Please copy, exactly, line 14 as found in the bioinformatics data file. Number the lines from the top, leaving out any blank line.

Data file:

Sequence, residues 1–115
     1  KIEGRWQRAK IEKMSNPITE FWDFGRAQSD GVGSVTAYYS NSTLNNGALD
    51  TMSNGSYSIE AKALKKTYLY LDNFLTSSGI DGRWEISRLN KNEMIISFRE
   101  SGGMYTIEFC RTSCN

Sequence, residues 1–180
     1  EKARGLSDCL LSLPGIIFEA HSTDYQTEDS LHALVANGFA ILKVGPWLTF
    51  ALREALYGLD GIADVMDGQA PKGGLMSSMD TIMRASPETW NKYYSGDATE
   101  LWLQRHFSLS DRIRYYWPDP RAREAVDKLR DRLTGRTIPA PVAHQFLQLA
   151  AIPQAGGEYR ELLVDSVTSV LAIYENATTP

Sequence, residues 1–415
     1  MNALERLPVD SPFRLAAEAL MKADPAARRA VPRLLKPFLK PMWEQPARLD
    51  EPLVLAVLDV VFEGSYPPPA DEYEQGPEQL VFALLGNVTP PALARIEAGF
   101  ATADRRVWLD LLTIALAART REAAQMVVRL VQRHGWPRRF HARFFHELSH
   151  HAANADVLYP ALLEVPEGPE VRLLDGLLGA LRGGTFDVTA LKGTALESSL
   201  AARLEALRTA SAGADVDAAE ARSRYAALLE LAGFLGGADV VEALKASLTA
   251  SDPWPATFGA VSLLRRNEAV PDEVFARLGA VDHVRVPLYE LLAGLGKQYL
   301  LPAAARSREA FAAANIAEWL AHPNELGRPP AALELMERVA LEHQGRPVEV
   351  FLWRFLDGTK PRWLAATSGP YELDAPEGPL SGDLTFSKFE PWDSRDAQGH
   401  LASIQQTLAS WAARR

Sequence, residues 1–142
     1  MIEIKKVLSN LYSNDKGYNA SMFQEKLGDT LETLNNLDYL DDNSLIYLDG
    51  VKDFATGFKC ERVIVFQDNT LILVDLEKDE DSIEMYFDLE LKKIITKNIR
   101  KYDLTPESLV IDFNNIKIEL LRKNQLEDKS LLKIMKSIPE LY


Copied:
   151  HAANADVLYP ALLEVPEGPE VRLLDGLLGA LRGGTFDVTA LKGTALESSL